Thoughts:

  • I don't remember ever being aware of today's date in a dream before. Is this common?

  • Yes, I have been watching 'House of Cards' recently. I got the boxed set for Christmas.

  • Why would there be a stall at the Labour Party conference selling Bill Shankly biographies?

  • Why was I dreaming about Bill Shankly anyway?

Postal scales

Had a fairly large order to post for the shop today - a whole bunch of 4th edition D&D books worth about £100 and weighing several kilogrammes. Interesting that while sending this in one parcel via Royal Mail would have cost in excess of £20 and only have been insured for £20 of value, by packing the order into four parcels of no more than 2kg*, it only cost £11.20, with each parcel being covered up to £20. Those postal scales I bought a while back have been a sound investment.



* One of them came to 1.964kg. It was close enough that I didn't even include the invoice to save on weight.
Generally I like LiveJournal and wish it was more popular. But there are one or two things that I don't like. One of those seems to be by far the most popular community on LJ - 'ohnotheydidnt .

I don't know if this works for all possible configurations of friends feeds, but on mine, there is a section on the right hand side of the page called LiveJournal Today which shows the most popular posts. Most of them (if not all) on most days will be posts in this community. Have you ever clicked on it?

If you're ever trying to convince a friend to give LJ a go, don't go near this community. It's like the worst kind of sub-tabloid celebrity gossip mixed with twitter/tumblr style extreme SJW political correctness. You rarely see a comment of more than a sentence in length. Most of the commenters seem to be illiterate. And just to top it all off, most of the userpics you'll see are animated gifs with a duration of no more than a second featuring some film star blinking or just moving slightly. No more than a second might be the attention span.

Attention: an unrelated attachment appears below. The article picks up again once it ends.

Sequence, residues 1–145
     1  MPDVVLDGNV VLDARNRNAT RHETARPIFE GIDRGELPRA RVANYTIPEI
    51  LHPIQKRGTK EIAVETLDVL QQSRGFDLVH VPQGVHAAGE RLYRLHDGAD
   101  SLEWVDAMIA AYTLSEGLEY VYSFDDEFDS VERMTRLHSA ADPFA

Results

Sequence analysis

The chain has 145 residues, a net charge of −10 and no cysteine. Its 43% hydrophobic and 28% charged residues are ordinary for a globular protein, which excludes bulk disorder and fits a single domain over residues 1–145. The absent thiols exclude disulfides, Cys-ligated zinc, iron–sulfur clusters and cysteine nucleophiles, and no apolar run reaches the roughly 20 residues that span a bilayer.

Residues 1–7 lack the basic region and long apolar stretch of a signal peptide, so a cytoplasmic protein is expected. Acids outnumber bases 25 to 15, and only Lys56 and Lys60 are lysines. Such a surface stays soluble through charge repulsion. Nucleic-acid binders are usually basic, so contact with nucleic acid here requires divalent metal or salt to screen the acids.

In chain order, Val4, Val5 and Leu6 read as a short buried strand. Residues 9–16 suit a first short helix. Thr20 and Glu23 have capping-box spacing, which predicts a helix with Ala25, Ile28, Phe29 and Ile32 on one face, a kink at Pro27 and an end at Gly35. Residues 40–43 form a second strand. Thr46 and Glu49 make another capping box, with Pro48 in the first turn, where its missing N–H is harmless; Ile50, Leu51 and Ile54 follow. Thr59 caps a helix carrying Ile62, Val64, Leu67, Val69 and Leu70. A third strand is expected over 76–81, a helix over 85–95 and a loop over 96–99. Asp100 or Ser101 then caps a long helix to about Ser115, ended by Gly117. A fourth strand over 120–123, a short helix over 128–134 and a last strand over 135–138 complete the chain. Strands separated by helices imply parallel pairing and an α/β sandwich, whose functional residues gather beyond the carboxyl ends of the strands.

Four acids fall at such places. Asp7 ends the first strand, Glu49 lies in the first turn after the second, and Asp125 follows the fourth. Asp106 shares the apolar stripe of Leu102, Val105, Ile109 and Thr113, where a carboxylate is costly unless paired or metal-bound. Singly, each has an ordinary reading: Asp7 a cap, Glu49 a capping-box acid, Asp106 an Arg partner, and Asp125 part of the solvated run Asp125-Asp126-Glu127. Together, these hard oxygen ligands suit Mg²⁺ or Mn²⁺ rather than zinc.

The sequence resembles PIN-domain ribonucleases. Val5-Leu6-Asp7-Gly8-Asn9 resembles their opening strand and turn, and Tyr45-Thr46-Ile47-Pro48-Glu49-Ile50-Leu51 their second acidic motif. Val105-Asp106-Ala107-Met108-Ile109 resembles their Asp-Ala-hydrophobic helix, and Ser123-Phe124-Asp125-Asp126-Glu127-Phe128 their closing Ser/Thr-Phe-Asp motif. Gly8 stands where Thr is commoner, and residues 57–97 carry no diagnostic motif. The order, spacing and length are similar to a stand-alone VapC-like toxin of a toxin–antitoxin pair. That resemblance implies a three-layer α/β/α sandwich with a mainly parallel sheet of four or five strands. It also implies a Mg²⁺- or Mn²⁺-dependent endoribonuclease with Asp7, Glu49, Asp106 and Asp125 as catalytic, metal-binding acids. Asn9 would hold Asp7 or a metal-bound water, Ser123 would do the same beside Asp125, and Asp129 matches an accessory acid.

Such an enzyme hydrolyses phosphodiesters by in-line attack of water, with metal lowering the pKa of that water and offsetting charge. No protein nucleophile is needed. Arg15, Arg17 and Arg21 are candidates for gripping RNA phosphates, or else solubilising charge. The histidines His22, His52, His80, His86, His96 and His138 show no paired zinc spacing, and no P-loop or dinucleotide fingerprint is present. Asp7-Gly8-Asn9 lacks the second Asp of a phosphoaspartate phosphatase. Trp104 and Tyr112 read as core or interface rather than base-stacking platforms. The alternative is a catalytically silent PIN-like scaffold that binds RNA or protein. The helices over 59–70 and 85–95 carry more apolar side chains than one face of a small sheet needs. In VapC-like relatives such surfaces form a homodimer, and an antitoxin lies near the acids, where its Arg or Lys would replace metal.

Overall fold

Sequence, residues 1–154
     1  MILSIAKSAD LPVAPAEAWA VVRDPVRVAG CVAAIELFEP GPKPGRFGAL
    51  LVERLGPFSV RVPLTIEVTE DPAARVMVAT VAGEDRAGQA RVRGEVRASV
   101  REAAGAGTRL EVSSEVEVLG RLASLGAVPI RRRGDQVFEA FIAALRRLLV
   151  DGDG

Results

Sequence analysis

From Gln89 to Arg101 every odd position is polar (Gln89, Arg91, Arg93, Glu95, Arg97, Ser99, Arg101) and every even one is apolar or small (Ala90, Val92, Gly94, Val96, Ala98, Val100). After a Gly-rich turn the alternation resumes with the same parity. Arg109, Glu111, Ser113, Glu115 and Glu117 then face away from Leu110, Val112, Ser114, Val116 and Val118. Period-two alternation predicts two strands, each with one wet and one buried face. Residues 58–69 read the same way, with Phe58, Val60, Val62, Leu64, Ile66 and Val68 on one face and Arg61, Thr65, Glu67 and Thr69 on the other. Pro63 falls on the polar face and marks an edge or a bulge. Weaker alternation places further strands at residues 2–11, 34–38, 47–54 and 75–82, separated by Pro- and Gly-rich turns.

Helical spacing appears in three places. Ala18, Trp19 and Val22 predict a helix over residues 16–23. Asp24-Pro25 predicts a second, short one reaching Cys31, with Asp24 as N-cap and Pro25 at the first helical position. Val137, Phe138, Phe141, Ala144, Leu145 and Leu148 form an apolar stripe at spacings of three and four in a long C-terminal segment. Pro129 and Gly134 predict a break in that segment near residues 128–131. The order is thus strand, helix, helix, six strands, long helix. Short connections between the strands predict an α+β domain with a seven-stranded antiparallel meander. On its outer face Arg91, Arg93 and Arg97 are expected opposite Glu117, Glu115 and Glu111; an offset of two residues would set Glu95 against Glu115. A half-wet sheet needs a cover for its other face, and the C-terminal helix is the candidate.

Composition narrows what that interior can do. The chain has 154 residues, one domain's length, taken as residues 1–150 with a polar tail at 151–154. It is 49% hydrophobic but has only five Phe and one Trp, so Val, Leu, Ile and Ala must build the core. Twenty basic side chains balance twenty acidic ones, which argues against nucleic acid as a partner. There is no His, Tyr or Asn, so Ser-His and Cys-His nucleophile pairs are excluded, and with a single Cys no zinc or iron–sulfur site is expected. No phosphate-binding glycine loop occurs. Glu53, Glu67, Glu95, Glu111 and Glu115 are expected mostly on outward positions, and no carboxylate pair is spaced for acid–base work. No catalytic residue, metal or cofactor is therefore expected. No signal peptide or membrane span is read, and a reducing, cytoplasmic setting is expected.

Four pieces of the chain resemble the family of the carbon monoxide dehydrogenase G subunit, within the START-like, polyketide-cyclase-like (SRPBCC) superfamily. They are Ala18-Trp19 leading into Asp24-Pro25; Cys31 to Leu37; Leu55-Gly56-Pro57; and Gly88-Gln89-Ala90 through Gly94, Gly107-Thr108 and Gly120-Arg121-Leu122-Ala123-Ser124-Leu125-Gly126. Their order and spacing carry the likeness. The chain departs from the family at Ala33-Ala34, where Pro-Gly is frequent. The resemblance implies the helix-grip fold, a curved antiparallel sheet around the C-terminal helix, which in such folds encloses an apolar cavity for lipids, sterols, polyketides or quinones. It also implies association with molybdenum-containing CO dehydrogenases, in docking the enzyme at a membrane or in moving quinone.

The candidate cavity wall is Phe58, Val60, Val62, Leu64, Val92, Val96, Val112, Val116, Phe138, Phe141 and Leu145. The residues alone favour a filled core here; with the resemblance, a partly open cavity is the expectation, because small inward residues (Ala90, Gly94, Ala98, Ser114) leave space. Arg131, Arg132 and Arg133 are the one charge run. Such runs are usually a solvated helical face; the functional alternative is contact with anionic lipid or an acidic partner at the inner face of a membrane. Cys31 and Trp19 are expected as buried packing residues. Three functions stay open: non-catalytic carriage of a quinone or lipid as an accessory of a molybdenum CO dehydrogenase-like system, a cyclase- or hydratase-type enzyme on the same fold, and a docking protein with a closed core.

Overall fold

Urrgh.

Genetic makeup of native British people

This Oxford University study is fascinating. I've read books on this subject before that came to similar conclusions, but I think I'm right in saying that this is the most detailed study so far:
http://www.telegraph.co.uk/news/science/science-news/11480732/Britons-still-live-in-Anglo-Saxon-tribal-kingdoms-Oxford-University-finds.html

There's all sorts of interesting stuff revealed. For example:

  • There's no real 'celtic' ethnic group. There is more genetic diversity between different culturally celtic groups than you'd expect.

  • Bernicia was clearly a thing, Rheged definitely so. Perhaps more surprisingly, so was the Kingdom of Elmet.

  • Cornish and Devonian populations are genetically distinct, and the boundary is pretty much the River Tamar (the modern boundary between the Duchy and the county). We live just on the Cornish side of the border. Most people I know from Devon wouldn't dream of living in Cornwall and vice versa. Clearly these attitudes have been around for almost 1500 years!

  • I wonder to what extent this signifies that the Cornish are an earlier population and to what extent they are Breton immigrants.

  • North and South Welsh populations are similarly distinct.

  • However, there seems to be an English marcher population stretching from the Severn Valley right up to the Wirral. Wasn't expecting that. Interestingly this population (marked with a purple cross on the map) also has three other very specific locations away from the Welsh frontier - one on the Isle of Wight, one in Kent vaguely near Maidstone and one in what might be Scunthorpe. Interesting.

  • Vikings can't have fancied local women much - there are almost no Norse genes. The one exception is (predictably) Orkney. (I'm assuming from the map that they didn't include Shetland and possibly also the Isle of Man.)

  • There's a clear link between Catalonia and North Wales.

  • There is a distinct 'English' ethnic group, but it only covers part of modern England. The line between the 'English' and the rest of the country is broadly where it was in 600AD which perhaps suggests that areas of 'England' beyond that line are conquered territories that were never truly settled.